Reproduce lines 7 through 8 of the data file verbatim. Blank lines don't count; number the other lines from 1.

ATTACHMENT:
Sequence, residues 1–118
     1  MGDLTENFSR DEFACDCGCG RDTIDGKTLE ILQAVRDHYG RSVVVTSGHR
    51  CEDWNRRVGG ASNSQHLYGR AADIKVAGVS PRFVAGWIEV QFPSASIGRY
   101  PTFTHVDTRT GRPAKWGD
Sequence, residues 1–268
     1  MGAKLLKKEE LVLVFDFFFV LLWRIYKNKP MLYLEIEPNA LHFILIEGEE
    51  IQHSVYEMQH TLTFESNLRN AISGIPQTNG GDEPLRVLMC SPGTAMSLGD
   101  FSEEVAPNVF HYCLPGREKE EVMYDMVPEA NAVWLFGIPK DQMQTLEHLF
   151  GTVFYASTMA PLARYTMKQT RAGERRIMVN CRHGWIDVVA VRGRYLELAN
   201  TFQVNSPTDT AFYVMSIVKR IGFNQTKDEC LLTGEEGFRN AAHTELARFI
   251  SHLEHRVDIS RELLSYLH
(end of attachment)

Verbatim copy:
    51  IQHSVYEMQH TLTFESNLRN AISGIPQTNG GDEPLRVLMC SPGTAMSLGD
   101  FSEEVAPNVF HYCLPGREKE EVMYDMVPEA NAVWLFGIPK DQMQTLEHLF